Speed Reads

that's really old

Researchers uncover a 2.8 million-year-old jawbone from the dawn of humanity

A team of researchers looking for fossils made an incredible discovery in the Afar region of Ethiopia: Lodged in a hillside was the lower jawbone and five teeth of an individual that likely lived 2.8 million years ago, the oldest remains ever found belonging to the genus Homo.

The area is now dry, but researchers believe it was once filled with rivers, wetlands, and grass. The jawbone is 400,000 years older than the fossils that once held the record as the earliest known remains from the Homo lineage, The Guardian reports. "This is the first inkling we have of that transition to modern behavior," Brian Villmoare at the University of Nevada in Las Vegas told The Guardian. "We were no longer solving problems with our bodies but with our brains."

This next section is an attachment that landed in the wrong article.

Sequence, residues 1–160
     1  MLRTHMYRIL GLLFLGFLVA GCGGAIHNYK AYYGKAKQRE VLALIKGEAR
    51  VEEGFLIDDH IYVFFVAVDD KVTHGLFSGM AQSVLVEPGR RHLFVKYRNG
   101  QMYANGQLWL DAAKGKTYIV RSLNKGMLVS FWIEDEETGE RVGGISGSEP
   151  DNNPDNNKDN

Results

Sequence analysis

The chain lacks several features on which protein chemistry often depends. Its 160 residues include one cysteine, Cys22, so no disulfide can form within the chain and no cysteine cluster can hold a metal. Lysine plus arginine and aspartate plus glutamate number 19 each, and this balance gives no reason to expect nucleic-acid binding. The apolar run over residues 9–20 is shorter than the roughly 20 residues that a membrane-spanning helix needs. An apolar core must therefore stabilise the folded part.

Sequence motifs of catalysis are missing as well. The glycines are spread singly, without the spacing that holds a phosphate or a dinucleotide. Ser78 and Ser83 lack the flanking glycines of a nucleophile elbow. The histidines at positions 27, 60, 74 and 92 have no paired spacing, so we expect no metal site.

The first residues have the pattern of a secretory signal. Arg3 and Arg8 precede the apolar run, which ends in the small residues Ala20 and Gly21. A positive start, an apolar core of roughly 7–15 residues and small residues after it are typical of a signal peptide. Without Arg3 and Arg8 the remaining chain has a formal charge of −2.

The jawbone was found in January 2013 by Chalachew Seyoum, an Ethiopian member of the team studying at Arizona State University. The researchers made a recent return to the site, but are not allowed to say what — if anything — they discovered on this trip. Villmoare said that while the jawbone could belong to Homo habilis, it is more likely from a new species that lived before Homo habilis. The team says this will remain a mystery until more remains are found.